So Long, Ray

Ray Manzarek died yesterday.  The Doors’ keyboardist was 74.

It’s a little disorienting to know the ages of my early rock heroes.  Obviously, I’m older, too, so it shouldn’t be so jarring.  The rebels, the ground-breakers, the stars, hang ageless in my mind… until I see video of the Stones on tour.

It’s one thing when they die of an overdose at age 27, as did Manzarek’s bandmate Jim Morrison in 1971.  Morrison would be 70 pretty soon if he’d lived, but, to me, he’s forever the good-looking 24 year old who electrified the Hollywood Bowl in 1968.   It’s quite another thing when they succumb to disease and old age. Then they just seem, well, old.  Like anybody else.  Anybody else with superb talent, that is, anybody who gave me and  my generation vibrant, textured soundtracks for our lives.

The Doors kept me going through the tear-soaked summer of 1984 after my mother died at the age of 53.   The Doors and an awful lot of Heineken got me through it.  “The Alabama Song”, especially poured into my heart, making the grief and pain and emptiness a tad less unbearable.

“Oh, moon of Alabama
We now must say goodbye
We’ve lost our good old mama
And must have whiskey, oh, you know why
Oh, moon of Alabama
We now must say goodbye
We’ve lost our good old mama
And must have whiskey, oh, you know why”

The jazz-loving Manzarek admired saxophonist John Coltrane.   His keyboards gave The Doors a sound like no other rock band in the late sixties, and after.  He continued to play and release albums when the Doors broke up for good the year after Morrison’s death.  Ray was an innovator, producing the first four studio albums for the punk rock band, X, in the 1980s.  They didn’t sound like The Doors but they certainly were influenced by them.

Ray Manzarek, like all the others, will live as long as we have CDs and MP3 players, and even those old, scratched up vinyl LPs.  Despite the technology that keeps voices and sounds alive for those of us that remain, it still means time for sad reflection when they leave this mortal plane.


Happy May Day, Writing Projects, and All That

Happy May Day; Happy Beltain to my fellow Celtophiles.  The colorful maypole in my yard is being drenched with snowy-rain this morning, so we’re calling off the pagan festivities.  Meanwhile, I’m hard at work, rather glad for a gray, drizzly day. They’re the best writing days.

I’ve got a few writing projects percolating this month.  The hardest thing for me to do is prioritize sensibly and not work on what is simply the easiest or the most appealing at the moment. Pressing deadlines, pressure from writing partners or a writing class are good motivators, though, so I’m letting them help me get my work done this month.

First, I have a handful of short stories, completed first drafts, that I’ve been avoiding doing further revisions and edits on.  The stories aren’t related, not by character or location or theme, but I’m going to package five of the best ones into an eBook.  Since I know almost nothing about publishing an eBook yet, I’m thinking that figuring the process out will take me not a little time, as will revisions/edits, so this is a new idea that is being pushed back a bit, with a “ready to publish” goal date of September, 2013.   Two of the stories are close to completion, but the others need work, possibly of the major variety.   On the whole, going this route seems a whole lot easier than trying to sell each story individually to magazines, although I don’t preclude that possibility.   Wishy-washy much?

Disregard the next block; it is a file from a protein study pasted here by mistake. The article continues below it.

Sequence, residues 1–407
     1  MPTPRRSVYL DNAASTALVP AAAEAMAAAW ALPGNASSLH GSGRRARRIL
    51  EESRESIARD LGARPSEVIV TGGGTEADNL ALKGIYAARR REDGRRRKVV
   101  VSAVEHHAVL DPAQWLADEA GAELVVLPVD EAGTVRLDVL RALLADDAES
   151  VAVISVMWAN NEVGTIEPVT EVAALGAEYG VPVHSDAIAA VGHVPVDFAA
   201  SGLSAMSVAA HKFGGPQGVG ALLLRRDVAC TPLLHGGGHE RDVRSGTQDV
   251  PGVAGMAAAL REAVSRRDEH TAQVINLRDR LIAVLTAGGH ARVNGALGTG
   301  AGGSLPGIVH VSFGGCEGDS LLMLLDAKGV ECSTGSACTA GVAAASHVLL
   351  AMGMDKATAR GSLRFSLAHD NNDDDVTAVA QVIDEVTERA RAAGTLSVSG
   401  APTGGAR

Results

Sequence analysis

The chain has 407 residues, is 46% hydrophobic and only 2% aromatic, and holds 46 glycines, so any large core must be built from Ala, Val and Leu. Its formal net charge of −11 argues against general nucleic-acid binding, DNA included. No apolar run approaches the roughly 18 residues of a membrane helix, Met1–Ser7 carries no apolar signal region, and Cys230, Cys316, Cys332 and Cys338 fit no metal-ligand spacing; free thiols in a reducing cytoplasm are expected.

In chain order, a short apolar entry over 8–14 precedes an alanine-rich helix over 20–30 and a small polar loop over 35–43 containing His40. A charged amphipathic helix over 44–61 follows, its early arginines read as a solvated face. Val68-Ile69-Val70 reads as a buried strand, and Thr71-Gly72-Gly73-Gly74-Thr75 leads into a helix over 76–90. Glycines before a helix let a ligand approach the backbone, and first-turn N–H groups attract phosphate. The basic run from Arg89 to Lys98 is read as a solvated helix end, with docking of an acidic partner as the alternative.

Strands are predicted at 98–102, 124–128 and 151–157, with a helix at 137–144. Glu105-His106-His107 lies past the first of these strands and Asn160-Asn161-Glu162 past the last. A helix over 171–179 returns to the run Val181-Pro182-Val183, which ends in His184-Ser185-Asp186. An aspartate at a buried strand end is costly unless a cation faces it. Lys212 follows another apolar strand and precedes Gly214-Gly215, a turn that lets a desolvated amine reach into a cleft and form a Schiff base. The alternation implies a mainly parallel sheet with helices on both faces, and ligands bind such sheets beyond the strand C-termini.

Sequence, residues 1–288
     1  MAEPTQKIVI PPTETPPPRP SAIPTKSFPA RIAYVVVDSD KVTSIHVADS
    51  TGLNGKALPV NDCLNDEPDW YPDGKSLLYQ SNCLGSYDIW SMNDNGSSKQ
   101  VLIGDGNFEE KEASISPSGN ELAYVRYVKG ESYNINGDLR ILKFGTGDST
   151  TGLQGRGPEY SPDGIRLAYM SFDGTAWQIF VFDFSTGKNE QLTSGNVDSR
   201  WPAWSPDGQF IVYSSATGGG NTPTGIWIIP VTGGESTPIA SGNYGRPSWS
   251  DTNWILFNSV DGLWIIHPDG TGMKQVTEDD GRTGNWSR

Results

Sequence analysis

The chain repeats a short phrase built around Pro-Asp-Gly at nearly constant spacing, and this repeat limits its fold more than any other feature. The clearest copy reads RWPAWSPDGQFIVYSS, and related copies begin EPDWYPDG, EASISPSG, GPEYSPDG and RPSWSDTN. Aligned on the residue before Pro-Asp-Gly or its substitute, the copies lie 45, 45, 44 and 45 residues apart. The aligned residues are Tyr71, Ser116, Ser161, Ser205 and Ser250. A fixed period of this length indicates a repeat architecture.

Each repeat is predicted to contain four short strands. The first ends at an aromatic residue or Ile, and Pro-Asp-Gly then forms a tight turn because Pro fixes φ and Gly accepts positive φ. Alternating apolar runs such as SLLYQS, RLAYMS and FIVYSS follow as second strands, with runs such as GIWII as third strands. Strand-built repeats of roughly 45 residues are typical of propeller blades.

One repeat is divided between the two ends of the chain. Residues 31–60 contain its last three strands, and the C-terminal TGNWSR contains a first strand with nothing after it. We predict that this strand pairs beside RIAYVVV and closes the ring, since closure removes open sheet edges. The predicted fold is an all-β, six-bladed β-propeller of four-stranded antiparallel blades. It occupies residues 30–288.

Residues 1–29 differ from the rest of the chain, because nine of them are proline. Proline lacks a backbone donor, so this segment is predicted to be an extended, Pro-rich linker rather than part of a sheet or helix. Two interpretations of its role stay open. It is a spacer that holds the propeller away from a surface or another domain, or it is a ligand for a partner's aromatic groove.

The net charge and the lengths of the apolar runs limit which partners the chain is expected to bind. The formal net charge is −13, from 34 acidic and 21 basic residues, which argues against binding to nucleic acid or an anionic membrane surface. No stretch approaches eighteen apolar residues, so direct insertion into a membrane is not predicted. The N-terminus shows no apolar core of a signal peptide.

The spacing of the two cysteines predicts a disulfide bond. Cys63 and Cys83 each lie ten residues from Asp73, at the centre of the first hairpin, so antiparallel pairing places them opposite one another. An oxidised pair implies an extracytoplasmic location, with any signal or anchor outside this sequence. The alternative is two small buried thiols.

Secondly, I have my novel, The River of Time, that was featured in my Blog Hop blog (see April 29 entry)… and, man, I am glad I’m done with Blog Hop…I am tired of typing those words.  “River” currently exists in a very rough stage with a couple of chapters written and the rest sketched out in random notes, but at this vantage point (after 20+ years) I am thinking I will need to do major rewrites on them and proceed from there.  My goal is to have a completed, usable draft by the end of this year.

Okay, I’ve committed myself.  Now, I need to f follow through because I’ve told you about it.  My capacity for self-delusion about my progress on this book knows no limits, especially when I have kept it all to myself for so long.  No more procrastination on this huge project, not any more.

Thirdly, I am working on what I think will end up being a novella and will fall into the category of Y/A (Young Adult) fiction.  The story emerged from a free writing exercise in a short story class I am taking, the idea one of those unexpected gems that hold a whole world of possibilities.  I know where the story is going, but still have a lot of writing to do.   By the time class ends at the end of May, I should have a pretty decent start, if not a completed first draft.

And finally, I am working on a Super-Duper Top Secret Writing Project that will last the month of May. It’s actually my top priority for the month, so the other three projects will need to fit themselves in where they can.  I’m working on it with a writing partner, so don’t feel completely at liberty to disclose much about it yet, but I can assure you that there will  be leaks from time to time during the Merry Month of May.

With that, I’m off to work.